There's a common misconception that I hate the Star Wars movies. There's some truth to it, but "hate" is too strong of a word. It's more like I'm annoyed by Star Wars, and even then, it's hard to tell where my annoyance with the films themselves ends, and where my irritation with the series' legions of fans begins. Either way, I had no desire to buy, rent or watch the eagerly anticipated box set of the original Star Wars trilogy (A New Hope, The Empire Strikes Back and Return of the Jedi). But after being reminded one too many times how "important" these films are, and what a monumental release this box set was, I decided to check it out and weigh in.

Like millions of other people, I loved the original Star Wars movies when they first came out. Of course, I was 8, 11 and 14 back then, and at that point had never seen a film by Akira Kurosawa, had never read any Joseph Campbell, and still thought dining at Burger King was going out to eat. In other words, I was a dumb kid who was impressed with cool, state-of-the-art special effects and characters that I was too illiterate to know were one-dimensional archetypes taken from ancient mythology, literature and film and given a new coat of paint that made them seem original. Now that I'm older and hopefully a bit wiser, and have actually seen films that are great, the Star Wars trilogy doesn't seem as magical.

The recently released box set includes Episodes 4, 5 and 6, with beautifully remastered picture and sound. Even if you saw the films in theaters when they first came out, you've never seen them look or sound better than they do right now. Of course, these are not the original films as they were released theatrically. No, these are the special-edition versions with new scenes and a buttload of redone special effects that have some purists up in arms. Honestly, the retooled effects don't bother me that much. What bothers me, and what is most telling about Lucas as a filmmaker, is that with all the technical wizardry at his disposal, he can't make his insipid writing any better. The dialogue in Star Wars is still corny, and the acting, for the most part, is still bad.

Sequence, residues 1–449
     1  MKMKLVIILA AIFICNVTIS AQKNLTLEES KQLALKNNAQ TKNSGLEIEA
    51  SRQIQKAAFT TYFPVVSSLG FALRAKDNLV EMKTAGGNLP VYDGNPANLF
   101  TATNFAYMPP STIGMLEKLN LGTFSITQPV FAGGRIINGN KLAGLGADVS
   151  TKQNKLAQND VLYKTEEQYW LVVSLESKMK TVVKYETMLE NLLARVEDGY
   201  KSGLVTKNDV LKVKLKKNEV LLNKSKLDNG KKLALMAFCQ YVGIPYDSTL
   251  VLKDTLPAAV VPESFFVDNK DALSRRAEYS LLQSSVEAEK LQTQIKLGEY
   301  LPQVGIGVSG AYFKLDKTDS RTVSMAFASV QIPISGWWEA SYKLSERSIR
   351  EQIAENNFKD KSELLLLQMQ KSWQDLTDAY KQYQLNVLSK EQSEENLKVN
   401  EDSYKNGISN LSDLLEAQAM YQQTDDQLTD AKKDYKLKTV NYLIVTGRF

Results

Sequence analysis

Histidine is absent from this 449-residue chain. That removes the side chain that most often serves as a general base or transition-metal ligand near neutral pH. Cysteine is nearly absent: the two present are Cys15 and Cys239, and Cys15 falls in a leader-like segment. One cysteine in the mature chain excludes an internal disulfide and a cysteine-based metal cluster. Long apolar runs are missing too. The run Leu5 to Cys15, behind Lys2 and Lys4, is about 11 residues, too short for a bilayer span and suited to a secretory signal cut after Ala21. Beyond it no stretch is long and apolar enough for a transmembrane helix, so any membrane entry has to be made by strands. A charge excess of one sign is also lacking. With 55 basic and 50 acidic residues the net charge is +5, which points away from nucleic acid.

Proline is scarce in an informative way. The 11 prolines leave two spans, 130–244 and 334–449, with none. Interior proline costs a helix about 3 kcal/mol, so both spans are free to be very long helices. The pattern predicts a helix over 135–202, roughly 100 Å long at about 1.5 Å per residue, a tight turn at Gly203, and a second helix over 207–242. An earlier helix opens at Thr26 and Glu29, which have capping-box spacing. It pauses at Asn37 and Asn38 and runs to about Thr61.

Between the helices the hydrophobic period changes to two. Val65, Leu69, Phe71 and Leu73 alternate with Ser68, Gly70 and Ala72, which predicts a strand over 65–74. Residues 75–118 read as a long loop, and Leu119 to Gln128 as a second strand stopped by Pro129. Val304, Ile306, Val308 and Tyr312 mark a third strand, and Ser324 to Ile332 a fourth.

The best part of the box set is the fourth bonus disc, which includes several documentary featurettes and the two-and-a-half-hour documentary Empire of Dreams, which chronicles the history of Lucas' original trilogy. Empire of Dreams is a bit too long and serves as an ego-stroking, full-swallow blowjob for Lucas in which the descriptor "genius" is thrown about too much. But at the same time it is informative and entertaining, especially the old audition footage that includes Kurt Russell reading for Han Solo.

Fans of popcorn entertainment will have fun with the Star Wars box set. Fans of film, however, would be better advised to spend their money on the recent box sets from Martin Scorsese or John Cassavetes if they want to see real genius at work.